A Louisiana favorite, our version of this spicy dish uses whole-grain Wehani rice. Long-grain brown rice also works. Traditionally made with chicken liver, which gives it a “dirty” color, we use healthy lean chicken sausage instead.
6 servings, about 1 1/3 cups each
Active Time: 30 minutes |
Total Time: 1 hour 5 minutes
1 1/2 cups Wehani or long-grain brown rice, (see Note)
3 cups reduced-sodium chicken broth
1 tablespoon peanut oil, or canola oil
10 ounces cooked chicken andouille, or other spicy chicken sausage, cut into 1/2-inch pieces
1 1/2 cups chopped yellow onion
1 1/4 cups chopped celery
1 cup chopped green bell pepper
1 cup chopped red bell pepper
2 cloves garlic, minced
2 teaspoons chopped fresh thyme leaves
1/4-1/2 teaspoon cayenne pepper
1/4 teaspoon salt
Bring rice and broth to a boil in a large saucepan. Reduce heat to low, cover, and simmer at the lowest bubble until the water is absorbed and the rice is tender, about 50 minutes (see Test Kitchen Note). Remove from the heat and let stand, covered, for 10 minutes.
While the rice is standing, heat oil in a large nonstick skillet over medium heat. Add sausage and cook, stirring, until it begins to brown, about 5 minutes. Add onion, celery, green and red bell pepper and garlic and cook, stirring, until the onion is soft, about 5 minutes more. Stir in thyme, cayenne to taste and salt. Stir the sausage mixture into the rice and serve.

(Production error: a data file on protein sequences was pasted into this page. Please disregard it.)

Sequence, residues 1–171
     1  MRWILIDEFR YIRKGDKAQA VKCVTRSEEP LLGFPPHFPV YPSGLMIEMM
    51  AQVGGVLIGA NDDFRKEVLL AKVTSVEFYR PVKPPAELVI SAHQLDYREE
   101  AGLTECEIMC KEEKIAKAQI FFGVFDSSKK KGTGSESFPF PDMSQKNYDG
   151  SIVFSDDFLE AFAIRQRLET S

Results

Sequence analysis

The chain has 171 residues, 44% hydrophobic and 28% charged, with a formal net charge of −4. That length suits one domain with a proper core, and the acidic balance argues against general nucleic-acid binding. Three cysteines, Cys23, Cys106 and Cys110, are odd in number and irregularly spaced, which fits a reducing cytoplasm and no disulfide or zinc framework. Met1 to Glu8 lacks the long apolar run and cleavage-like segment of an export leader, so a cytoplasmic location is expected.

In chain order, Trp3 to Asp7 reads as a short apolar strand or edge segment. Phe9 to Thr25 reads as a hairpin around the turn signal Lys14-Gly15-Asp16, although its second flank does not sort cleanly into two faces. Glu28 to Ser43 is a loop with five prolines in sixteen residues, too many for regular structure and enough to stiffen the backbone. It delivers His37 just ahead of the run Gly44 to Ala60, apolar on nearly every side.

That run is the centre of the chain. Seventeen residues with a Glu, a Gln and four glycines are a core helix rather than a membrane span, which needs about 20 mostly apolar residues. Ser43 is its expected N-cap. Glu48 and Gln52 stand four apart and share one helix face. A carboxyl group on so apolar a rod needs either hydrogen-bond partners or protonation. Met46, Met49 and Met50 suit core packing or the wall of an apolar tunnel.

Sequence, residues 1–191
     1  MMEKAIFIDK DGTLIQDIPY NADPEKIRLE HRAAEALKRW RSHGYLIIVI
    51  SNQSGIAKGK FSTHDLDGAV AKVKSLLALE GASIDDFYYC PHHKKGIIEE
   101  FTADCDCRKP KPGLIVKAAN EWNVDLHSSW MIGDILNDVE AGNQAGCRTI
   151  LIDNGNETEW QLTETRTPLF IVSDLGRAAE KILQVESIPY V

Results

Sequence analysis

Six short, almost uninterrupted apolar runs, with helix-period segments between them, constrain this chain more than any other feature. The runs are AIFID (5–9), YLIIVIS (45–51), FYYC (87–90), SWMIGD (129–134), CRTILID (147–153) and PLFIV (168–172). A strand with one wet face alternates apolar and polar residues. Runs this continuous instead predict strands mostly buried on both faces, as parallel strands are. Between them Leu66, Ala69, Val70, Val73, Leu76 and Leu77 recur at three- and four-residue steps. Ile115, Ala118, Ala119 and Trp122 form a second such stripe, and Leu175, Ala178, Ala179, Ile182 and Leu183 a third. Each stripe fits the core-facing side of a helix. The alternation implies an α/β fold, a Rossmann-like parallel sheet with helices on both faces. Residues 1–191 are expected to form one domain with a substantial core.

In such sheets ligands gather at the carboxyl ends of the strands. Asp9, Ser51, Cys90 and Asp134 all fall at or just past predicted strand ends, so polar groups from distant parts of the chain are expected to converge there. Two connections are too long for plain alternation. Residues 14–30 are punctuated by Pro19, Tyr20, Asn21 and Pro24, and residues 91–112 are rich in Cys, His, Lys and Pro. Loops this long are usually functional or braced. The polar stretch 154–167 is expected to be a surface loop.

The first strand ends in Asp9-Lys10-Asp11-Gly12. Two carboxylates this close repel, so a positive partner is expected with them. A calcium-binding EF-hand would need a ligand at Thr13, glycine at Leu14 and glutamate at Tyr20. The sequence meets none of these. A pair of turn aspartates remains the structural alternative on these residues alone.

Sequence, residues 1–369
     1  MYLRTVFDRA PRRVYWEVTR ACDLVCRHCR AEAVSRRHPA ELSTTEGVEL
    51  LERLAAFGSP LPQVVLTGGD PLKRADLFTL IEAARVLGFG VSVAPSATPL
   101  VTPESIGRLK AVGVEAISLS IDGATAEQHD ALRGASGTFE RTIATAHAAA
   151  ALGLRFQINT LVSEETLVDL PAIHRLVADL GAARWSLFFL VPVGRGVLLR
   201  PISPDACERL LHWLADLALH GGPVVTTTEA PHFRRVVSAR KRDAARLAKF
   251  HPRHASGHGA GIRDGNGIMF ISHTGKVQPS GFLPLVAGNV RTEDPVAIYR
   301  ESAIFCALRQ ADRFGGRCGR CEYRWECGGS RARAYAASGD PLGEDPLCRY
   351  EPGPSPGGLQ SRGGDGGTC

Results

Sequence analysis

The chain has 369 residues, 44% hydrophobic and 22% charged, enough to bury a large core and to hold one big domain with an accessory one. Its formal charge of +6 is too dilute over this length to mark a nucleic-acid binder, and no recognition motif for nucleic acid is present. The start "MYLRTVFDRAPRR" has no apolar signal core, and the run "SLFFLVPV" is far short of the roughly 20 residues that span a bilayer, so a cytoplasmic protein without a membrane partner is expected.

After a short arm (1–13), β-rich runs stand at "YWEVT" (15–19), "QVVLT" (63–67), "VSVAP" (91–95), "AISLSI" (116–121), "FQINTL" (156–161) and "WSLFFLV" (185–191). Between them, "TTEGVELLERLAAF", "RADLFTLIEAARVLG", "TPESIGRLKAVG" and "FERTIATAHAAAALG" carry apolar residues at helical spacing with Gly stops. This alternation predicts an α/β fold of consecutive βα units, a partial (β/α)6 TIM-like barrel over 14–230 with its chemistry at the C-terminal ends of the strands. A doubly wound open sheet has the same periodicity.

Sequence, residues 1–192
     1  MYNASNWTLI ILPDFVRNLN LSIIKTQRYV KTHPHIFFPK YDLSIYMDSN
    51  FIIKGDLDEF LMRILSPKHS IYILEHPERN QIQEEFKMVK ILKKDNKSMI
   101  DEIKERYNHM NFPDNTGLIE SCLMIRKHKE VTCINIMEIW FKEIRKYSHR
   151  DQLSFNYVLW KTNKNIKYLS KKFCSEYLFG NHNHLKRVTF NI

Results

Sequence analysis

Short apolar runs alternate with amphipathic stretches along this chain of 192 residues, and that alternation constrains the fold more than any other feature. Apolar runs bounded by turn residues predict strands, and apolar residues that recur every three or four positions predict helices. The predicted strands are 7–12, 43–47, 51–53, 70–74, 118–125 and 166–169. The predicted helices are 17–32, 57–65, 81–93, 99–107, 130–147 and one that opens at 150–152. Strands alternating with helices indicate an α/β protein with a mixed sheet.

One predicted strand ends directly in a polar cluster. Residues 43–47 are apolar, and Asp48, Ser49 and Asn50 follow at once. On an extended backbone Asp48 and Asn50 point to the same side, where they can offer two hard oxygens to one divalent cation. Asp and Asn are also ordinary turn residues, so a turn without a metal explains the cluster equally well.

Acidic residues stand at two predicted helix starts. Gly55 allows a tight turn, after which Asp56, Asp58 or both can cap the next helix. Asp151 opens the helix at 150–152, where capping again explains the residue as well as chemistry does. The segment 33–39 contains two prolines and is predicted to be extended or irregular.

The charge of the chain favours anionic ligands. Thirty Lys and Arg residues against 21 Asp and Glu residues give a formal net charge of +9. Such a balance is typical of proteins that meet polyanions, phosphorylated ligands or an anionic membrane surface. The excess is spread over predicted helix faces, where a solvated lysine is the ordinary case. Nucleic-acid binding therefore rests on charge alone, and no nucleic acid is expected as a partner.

Per serving :
7 g Fat;
1 g Sat;
2 g Mono;
36 mg Cholesterol;
48 g Carbohydrates;
13 g Protein;
5 g Fiber;
428 mg Sodium;
226 mg Potassium
Note: Developed by Lundberg Family Farms, Wehani is russet-colored, long-grain rice with a pronounced nutty flavor. Unlike other long-grain rice, the grain splits while cooking. Use for pilafs, casseroles or rice salad. Use Bhutanese Red Rice as a substitute; adjust cooking time accordingly.
Test Kitchen Note: Perfectly cooked rice is not simple. In fact, it's something that we struggle with occasionally in the Test Kitchen. To have the most success cooking whole-grain rice, we recommend using a pan with a tight-fitting lid, cooking on your coolest (or simmer) burner and making sure the rice is simmering at the “lowest bubble.” While testing the recipes that use less than 1 cup of dry rice, we found that the cooking time varied greatly depending on what stove we used. Although whole-grain rice usually requires 50 minutes of cooking, we found smaller volumes of rice were sometimes done in as little as 30 minutes (and burned at 50 minutes). So, when cooking a small batch of rice, start checking it after 30 minutes to make sure it doesn't burn.